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Commercial Real Estate (CRE) Outlook for 2018


Posted: December 28, 2017 by Anna Jotham

Forecasters predict modest growth for the commercial real estate (CRE) industry throughout 2018, and analysts have pinpointed several CRE trends to watch, to empower investor decisions in the coming year. 

2018/2019 CRE Forecast: Transaction Volume Higher than Average

The Urban Land Institute (ULI) Consensus Forecast projects that commercial real estate will experience transaction volume totaling $450 billion in 2018, and $430 billion in 2019—numbers that are higher than average. The survey of real estate economists in the United States is detailed in “Forecast: Commercial Real Estate to Grow Modestly by 2019,” on rismedia.com. 

According to the article, analysts attribute the projected growth to tax code reform, a reduction in regulatory requirements and an anticipated investment in infrastructure. At the same time, forecasters did not upgrade real estate returns, anticipating that new supply in development and a hike in interest rates could create market uncertainty. The forecast did call for an increase in single-family housing starts, projecting 920,000 in 2019, over 781,500 in 2016. Meantime the forecast anticipates CRE price growth will head below historical averages to 3.5 percent in 2018 and 3 percent in 2019. 

CRE Trends to Watch in 2018

At the 2017 Commercial Economic Issues & Trends Forum in November, forecasters offered three real estate trends for investors to watch when making decisions about investment moves in the coming year. Notably, they don’t line up perfectly with the ULI report.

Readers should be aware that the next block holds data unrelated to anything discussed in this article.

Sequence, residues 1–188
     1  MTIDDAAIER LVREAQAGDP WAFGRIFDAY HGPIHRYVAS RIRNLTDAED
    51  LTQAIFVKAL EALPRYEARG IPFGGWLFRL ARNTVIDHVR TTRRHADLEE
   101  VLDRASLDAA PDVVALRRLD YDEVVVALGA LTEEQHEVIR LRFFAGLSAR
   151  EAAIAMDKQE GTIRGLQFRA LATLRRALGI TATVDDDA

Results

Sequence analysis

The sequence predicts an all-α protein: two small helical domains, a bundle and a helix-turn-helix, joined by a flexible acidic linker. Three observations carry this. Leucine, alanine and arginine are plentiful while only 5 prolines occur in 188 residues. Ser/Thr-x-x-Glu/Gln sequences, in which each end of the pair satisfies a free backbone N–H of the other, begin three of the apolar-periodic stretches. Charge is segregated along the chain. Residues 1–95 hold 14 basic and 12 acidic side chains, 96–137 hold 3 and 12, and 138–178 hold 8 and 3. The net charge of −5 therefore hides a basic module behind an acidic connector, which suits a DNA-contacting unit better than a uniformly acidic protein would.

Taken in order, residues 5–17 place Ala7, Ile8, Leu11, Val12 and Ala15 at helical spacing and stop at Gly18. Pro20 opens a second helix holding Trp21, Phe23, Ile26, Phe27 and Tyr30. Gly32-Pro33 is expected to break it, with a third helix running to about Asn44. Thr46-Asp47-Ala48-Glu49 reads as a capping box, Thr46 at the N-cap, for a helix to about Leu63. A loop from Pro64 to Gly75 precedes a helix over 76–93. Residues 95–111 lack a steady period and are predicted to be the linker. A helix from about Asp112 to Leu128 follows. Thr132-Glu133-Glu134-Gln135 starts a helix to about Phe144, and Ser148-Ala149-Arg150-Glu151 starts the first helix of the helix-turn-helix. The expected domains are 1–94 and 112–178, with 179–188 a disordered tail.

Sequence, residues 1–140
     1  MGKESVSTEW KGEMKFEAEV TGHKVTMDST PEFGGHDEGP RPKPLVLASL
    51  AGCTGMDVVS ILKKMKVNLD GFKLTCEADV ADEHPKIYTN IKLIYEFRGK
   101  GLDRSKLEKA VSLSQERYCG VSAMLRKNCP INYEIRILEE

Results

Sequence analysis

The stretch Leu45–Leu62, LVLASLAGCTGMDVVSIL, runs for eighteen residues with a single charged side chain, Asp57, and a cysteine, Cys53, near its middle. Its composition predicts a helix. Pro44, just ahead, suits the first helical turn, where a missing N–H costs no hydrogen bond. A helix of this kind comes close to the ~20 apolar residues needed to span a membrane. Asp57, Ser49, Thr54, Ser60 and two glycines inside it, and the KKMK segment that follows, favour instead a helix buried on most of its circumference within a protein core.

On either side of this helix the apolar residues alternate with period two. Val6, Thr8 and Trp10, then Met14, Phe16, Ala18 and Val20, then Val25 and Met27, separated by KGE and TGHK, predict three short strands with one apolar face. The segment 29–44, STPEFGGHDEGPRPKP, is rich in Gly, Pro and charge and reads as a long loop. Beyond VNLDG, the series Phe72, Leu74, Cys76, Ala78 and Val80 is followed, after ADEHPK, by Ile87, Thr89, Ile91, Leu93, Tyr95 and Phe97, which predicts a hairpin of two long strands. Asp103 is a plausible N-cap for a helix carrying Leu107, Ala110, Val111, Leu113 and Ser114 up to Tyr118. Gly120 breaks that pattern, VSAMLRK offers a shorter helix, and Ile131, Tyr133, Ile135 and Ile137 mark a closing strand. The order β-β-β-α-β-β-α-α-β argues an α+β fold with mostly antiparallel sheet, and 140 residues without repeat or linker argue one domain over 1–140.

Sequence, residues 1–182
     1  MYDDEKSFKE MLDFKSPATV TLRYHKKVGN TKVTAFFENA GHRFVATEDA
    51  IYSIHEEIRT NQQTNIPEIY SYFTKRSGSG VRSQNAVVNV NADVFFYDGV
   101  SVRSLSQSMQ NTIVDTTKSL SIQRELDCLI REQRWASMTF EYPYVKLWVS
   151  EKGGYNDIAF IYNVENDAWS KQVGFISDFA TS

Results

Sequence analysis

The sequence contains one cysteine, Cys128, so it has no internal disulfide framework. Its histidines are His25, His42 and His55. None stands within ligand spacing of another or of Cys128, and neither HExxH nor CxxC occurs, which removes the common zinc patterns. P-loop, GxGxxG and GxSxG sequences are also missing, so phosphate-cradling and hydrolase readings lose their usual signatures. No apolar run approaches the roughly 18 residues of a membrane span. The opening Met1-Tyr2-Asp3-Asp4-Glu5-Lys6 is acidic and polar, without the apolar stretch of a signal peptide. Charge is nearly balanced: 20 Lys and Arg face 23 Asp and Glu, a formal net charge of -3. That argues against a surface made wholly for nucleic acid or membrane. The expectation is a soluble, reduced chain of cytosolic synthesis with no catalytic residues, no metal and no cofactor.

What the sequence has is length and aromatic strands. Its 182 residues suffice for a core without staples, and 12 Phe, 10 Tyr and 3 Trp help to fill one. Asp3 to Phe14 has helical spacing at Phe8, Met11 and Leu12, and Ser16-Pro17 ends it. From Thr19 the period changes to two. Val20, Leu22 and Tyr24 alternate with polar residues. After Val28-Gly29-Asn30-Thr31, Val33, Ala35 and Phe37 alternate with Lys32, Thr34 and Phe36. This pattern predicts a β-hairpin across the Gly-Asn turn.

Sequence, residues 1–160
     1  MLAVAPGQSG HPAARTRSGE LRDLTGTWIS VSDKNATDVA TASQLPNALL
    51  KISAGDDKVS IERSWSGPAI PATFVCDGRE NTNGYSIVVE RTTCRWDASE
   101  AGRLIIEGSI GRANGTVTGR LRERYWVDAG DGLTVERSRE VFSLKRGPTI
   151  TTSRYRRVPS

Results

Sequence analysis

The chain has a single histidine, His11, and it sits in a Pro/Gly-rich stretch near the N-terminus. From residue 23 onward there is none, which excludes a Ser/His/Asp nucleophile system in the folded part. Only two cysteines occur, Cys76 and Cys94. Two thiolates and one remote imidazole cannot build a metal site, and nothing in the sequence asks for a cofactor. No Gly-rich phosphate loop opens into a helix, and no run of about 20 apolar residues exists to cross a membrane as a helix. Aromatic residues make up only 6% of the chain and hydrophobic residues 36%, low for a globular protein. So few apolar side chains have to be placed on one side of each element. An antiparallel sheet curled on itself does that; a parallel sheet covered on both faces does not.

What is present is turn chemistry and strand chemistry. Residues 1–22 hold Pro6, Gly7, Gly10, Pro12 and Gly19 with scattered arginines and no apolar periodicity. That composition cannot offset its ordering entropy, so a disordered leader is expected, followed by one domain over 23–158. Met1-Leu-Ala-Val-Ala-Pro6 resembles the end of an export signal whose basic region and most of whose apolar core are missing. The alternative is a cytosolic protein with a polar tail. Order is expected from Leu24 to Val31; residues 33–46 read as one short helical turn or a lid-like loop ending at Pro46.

1) Question the Dominant Narratives

In “3 Commercial Real Estate Trends to Watch in 2018,” on the National Association of Realtors blog, JLL Chief Economist Ryan Severino warns that while the nation may see a short-term economic boost from reform, tax cuts alone are not likely to boost the economy in the long run. Instead, tax cuts may boost the deficit and result in a drag on CRE as well as all aspects of the economy. In addition, he cautions that media reports on office sector trends should be taken with a grain of salt. While many reports indicate there is a mass commercial office space relocation back to cities, the majority of companies constructing new office buildings to better attract talent are doing so in the suburbs, according to his data. 

2) The 2018 CRE Market Looks Sunny, but Growth May Slow into 2019

National Association of REALTORS, Chief Economist Lawrence Yun predicts that rents will be positive for the most part, with a modest price correction in large cities and for “trophy” properties. But he predicts a standoff between buyers and sellers, with landlords commanding higher rents and prices, and buyers watching interest rates, unwilling to increase their offers. 

3) Changes Coming to Retail, Multifamily and Industrial Sectors  

Severino says retail store openings have outpaced closings in 2017, and rents are rising due to a pause in construction of new retail and a net increase of 4,080 stores nationally. Meanwhile, although multifamily and industrial sectors have performed well in recent years, both Yun and Severino urge caution moving forward. With changing demographics, the population of those at prime renting age is poised to increase in 2018 and 2019, after which it is projected to fall. Meanwhile, the swell in industrial construction to meet the needs of online retailers may decrease future demand. 

With a number of economic and demographic factors due to impact the CRE market in 2018, it’s no surprise that analysts have differing takes on how these shifts will impact the industry. Investors would be wise to follow changing market conditions and the political landscape, as always, to make the most informed decisions.    




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